ldns-dane (1) - Linux Manuals

ldns-dane: verify or create TLS authentication with DANE (RFC6698)


ldns-dane - verify or create TLS authentication with DANE (RFC6698)


ldns-dane [OPTIONS] verify name port

ldns-dane [OPTIONS] -t tlsafile verify

ldns-dane [OPTIONS] name port create

    [ Certificate-usage [ Selector [ Matching-type ] ] ]

ldns-dane -h

ldns-dane -v


In the first form: A TLS connection to name:port is established. The TLSA resource record(s) for name are used to authenticate the connection.

In the second form: The TLSA record(s) are read from tlsafile and used to authenticate the TLS service they reference.

In the third form: A TLS connection to name:port is established and used to create the TLSA resource record(s) that would authenticate the connection. The parameters for TLSA rr creation are:


CA constraint
Service certificate constraint
Trust anchor assertion
Domain-issued certificate (default)


Full certificate (default)


No hash used
SHA-256 (default)

In stead of numbers the first few letters of the value may be used. Except for the hash algorithm name, where the full name must be specified.


TLS connect IPv4 only
TLS connect IPv6 only
-a address
Don't try to resolve name, but connect to address instead.

This option may be given more than once.

print "name. TYPE52 \# size hexdata" form instead of TLSA presentation format.
-c certfile
Do not TLS connect to name:port, but authenticate (or make TLSA records) for the certificate (chain) in certfile instead.
Assume DNSSEC validity even when the TLSA records were acquired insecure or were bogus.
-f CAfile
Use CAfile to validate. Default is /etc/pki/tls/certs/ca-bundle.trust.crt
Print short usage help
Interact after connecting.
-k keyfile
Specify a file that contains a trusted DNSKEY or DS rr. Key(s) are used when chasing signatures (i.e. -S is given).

This option may be given more than once.

Alternatively, if -k is not specified, and a default trust anchor (/var/lib/unbound/root.key) exists and contains a valid DNSKEY or DS record, it will be used as the trust anchor.

Do not verify server name in certificate.
-o offset
When creating a "Trust anchor assertion" TLSA resource record, select the offsetth certificate offset from the end of the validation chain. 0 means the last certificate, 1 the one but last, 2 the second but last, etc.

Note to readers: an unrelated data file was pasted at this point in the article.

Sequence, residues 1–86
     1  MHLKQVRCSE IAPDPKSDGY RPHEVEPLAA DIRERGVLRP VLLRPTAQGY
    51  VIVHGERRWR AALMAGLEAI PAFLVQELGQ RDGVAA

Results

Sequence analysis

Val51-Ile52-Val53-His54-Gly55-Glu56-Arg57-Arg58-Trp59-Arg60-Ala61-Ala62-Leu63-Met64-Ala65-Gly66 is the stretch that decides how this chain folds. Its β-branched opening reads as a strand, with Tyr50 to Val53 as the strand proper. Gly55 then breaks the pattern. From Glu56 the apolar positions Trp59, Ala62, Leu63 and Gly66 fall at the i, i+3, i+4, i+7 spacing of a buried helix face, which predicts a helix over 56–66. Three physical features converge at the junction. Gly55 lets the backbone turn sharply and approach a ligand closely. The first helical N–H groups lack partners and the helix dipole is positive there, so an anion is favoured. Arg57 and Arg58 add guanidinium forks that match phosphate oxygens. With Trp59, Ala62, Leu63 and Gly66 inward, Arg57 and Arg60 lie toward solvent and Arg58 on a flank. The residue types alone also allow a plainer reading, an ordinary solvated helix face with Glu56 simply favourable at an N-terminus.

When offset is -1 (the default), the last certificate is used (like with 0) that MUST be self-signed. This can help to make sure that the intended (self signed) trust anchor is actually present in the server certificate chain (which is a DANE requirement).

-p CApath
Use certificates in the CApath directory to validate. Default is /etc/pki/tls/certs/
When creating TLSA resource records with the "CA Constraint" and the "Service Certificate Constraint" certificate usage, do not validate and assume PKIX is valid.

For "CA Constraint" this means that verification should end with a self-signed certificate.

Chase signature(s) to a known key.

Without this option, the local network is trusted to provide a DNSSEC resolver (i.e. AD bit is checked).

-t tlsafile
Read TLSA record(s) from tlsafile. When name and port are also given, only TLSA records that match the name, port and transport are used. Otherwise the owner name of the TLSA record(s) will be used to determine name, port and transport.
Use UDP transport instead of TCP.
Show version and exit.


The file from which trusted keys are loaded for signature chasing, when no -k option is given.


Written by the ldns team as an example for ldns usage.


Report bugs to ldns-team [at] nlnetlabs.nl.


Copyright (C) 2012 NLnet Labs. This is free software. There is NO warranty; not even for MERCHANTABILITY or FITNESS FOR A PARTICULAR PURPOSE.